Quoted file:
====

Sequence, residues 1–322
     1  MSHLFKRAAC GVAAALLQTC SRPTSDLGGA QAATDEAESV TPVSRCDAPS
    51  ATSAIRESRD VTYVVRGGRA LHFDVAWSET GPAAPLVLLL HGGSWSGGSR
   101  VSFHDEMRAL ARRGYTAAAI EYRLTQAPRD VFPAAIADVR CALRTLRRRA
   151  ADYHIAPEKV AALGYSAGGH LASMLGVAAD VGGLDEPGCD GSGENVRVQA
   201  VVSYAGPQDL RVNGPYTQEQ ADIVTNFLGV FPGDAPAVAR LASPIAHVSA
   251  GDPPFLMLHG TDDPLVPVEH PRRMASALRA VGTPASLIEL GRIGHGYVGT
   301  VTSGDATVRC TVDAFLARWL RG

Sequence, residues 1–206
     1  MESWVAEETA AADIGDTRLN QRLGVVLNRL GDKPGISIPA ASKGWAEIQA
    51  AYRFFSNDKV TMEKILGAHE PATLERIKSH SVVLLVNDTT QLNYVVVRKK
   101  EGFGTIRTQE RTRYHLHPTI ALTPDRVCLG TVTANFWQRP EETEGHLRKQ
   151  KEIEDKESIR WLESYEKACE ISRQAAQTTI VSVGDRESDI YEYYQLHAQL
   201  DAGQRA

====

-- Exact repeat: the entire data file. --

Sequence, residues 1–322
     1  MSHLFKRAAC GVAAALLQTC SRPTSDLGGA QAATDEAESV TPVSRCDAPS
    51  ATSAIRESRD VTYVVRGGRA LHFDVAWSET GPAAPLVLLL HGGSWSGGSR
   101  VSFHDEMRAL ARRGYTAAAI EYRLTQAPRD VFPAAIADVR CALRTLRRRA
   151  ADYHIAPEKV AALGYSAGGH LASMLGVAAD VGGLDEPGCD GSGENVRVQA
   201  VVSYAGPQDL RVNGPYTQEQ ADIVTNFLGV FPGDAPAVAR LASPIAHVSA
   251  GDPPFLMLHG TDDPLVPVEH PRRMASALRA VGTPASLIEL GRIGHGYVGT
   301  VTSGDATVRC TVDAFLARWL RG

Sequence, residues 1–206
     1  MESWVAEETA AADIGDTRLN QRLGVVLNRL GDKPGISIPA ASKGWAEIQA
    51  AYRFFSNDKV TMEKILGAHE PATLERIKSH SVVLLVNDTT QLNYVVVRKK
   101  EGFGTIRTQE RTRYHLHPTI ALTPDRVCLG TVTANFWQRP EETEGHLRKQ
   151  KEIEDKESIR WLESYEKACE ISRQAAQTTI VSVGDRESDI YEYYQLHAQL
   201  DAGQRA